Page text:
The Nutritional Table Explained

Posted on January 18, 2007 by Sarmaad

Food manufacturers are required to indicate the nutritional value of most packaged foods on their labels. This allows the consumer to identity what nutrients are found in the food they eat. There are specific criteria needed to ensure nutrition claims are consistent and are not misleading. The nutritional table includes serving size, Energy (kilojoules), protein, fat, carbohydrates, sodium, and may include vitamins and minerals. Below represents a typical nutritional table.


 

Where, g = grams, mL = milliliters, kJ = kilojoules, Cal = calories, mg = milligrams, µg = micrograms.

  • Serving size and number of serves per pack
    • Nutritional facts on labels are usually based on one serving, but many packages contain more. Look at the serving size of the product and how many servings you are actually consuming. If you have a 500mL product and the serving size is 200mL, there are 2.5 serves per pack and therefore the nutritional information on the label per serve must be 2.5 times more if the entire pack is consumed.
    • When you compare different brands look at the kilojoules and nutrients and check if the serving size is the same.
  • Energy
    • Energy is written in calories or kilojoules (Kilojoules for Australian foods).
    • This is where you will find the number of kilojoules per serving so pay close attention to the amount.
    • The kilojoule content of foods depends on the amount of carbohydrates, fats and proteins present in the food.
    • Each person has a different kilojoule intake; factors that affect your personal daily kilojoules count include your age, height and weight, your basic level of daily activity, and your body composition.
    • Fat free doesn't mean kilojoule free. Lower fat items may have as many kilojoules as full fat versions.
  • Protein
    • The standard method used to estimate your minimum daily protein requirement is to multiply the body weight in kilograms by 0.8.
    • For protein, choose foods that are lower in fat.
    • Most people get plenty of protein, but not always from the healthiest source.
  • Fat
    • Total fats include all different kinds of fats such as Hydrogenated safflower oil, partially hydrogenated cottonseed oil, palm oil, canola oil, margarine, butter, walnut oil, grape seed oil, almond oil, tallow, suet, and lard.
    • Fat has more kilojoules than any other component.
    • To help reduce your risk of heart disease and diabetes, use the label to select foods that are lowest in saturated fats, trans fat and cholesterol. (Trans fat increases your risk of heart disease).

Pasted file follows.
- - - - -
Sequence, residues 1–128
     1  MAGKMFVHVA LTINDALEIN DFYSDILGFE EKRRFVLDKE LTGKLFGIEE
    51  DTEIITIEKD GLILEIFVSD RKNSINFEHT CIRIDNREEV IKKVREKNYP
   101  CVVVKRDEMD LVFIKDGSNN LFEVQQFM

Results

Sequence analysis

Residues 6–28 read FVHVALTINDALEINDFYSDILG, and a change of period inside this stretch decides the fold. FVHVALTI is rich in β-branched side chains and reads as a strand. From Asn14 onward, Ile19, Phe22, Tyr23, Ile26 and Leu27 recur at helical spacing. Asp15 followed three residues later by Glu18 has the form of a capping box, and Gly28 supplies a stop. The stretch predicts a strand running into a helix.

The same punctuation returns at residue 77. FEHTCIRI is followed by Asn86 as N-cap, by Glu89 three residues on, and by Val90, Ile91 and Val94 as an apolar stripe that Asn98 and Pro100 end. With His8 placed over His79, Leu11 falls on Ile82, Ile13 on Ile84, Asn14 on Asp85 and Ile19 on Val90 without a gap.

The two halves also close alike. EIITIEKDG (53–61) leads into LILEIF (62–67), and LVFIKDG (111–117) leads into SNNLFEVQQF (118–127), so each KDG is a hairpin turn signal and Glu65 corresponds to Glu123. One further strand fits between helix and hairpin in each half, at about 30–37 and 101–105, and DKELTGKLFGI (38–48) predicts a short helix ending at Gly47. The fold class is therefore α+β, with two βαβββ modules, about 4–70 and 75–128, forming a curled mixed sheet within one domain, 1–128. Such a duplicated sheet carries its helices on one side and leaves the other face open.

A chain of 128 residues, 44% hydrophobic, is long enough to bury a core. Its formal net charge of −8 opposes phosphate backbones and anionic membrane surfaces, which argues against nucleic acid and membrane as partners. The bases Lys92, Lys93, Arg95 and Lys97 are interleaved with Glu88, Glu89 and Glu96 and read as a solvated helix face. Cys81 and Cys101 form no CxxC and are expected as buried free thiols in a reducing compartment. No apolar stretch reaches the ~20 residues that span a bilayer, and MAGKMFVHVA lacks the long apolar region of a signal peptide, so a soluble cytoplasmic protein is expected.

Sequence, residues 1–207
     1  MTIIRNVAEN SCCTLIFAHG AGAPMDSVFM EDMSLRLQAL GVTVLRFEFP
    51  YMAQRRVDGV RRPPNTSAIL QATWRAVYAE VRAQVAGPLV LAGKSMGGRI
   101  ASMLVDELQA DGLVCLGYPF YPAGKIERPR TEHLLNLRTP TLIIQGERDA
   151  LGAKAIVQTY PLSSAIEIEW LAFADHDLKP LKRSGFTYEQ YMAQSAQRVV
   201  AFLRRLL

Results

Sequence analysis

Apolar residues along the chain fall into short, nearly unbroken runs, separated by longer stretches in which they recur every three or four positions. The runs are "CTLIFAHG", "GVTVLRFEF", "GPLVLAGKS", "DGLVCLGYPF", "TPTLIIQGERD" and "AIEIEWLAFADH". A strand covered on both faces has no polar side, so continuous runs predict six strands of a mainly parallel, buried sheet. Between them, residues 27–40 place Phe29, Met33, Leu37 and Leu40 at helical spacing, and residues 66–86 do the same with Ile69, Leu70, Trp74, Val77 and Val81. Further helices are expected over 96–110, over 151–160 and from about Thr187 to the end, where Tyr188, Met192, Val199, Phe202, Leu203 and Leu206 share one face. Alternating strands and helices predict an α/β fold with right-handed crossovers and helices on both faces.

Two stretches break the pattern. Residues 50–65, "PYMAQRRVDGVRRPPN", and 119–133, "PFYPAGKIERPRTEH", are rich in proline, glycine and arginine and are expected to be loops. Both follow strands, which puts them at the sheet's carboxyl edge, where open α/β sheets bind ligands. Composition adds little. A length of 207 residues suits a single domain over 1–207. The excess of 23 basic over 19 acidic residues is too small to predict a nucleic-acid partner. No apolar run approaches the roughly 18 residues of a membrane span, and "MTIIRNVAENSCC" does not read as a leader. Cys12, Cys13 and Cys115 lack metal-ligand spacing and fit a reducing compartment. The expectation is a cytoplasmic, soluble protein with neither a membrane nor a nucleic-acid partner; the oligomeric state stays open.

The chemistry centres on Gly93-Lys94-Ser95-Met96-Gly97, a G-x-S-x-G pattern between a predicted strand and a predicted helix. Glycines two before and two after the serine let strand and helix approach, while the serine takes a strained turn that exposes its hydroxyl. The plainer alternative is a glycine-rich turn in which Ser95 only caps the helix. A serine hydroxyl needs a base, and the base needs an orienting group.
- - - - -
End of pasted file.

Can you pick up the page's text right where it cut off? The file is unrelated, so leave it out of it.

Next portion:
• To help lower blood cholesterol, replace saturated and trans fats with monounsaturated and polyunsaturated fats.
  • Carbohydrates and Dietary Fibre
    • Choose healthy, wholesome carbohydrates.
    • Fibre and sugars are types of carbohydrates. Healthy sources, like fruits, vegetables, beans, and whole grains, can reduce the risk of heart disease and improve digestive functioning.
    • Look for the "whole" grain listed in the ingredient list (e.g. Whole wheat, brown rice or whole oats).
    •  Compare the sugar content in grams among different products, the less sugar the better.
    • Limit the consumption of foods with added sugars (sucrose, glucose, fructose, molasses, honey, corn or maple syrup), When combinations of these ingredients are present in products, the total amount of sugar may be greater than it appears to be.
    • Sugars add unnecessary kilojoules and no other nutrients (make sure that added sugars are not one of the first few items in the ingredient list).
  • Sodium
    • Reduce your sodium intake for your health as this will reduce your risk of high blood pressure
  • Vitamins and minerals
    • Are expressed in a percentage of the recommended dietary intake (%RDI). RDI corresponds to the recommended daily amount for each nutrient listed (based on a 2 000 calorie diet).
    • For calcium, iron, vitamin A and C, for example, aim for a high RDI. For other nutrients such as sodium, it is preferable to choose a food that has a lower RDI.
When looking at the ingredient list of a product remember that the ingredients are listed in order of the amounts contained in the product. If orange juice is the first ingredient, then the product will contain more orange juice than any other ingredient and always the ingredient list will also tell you what food additives and preservatives are contained in the product.

When selecting a food product, try to choose products with more fibre, vitamins, calcium and iron, and less fat, cholesterol and sodium.

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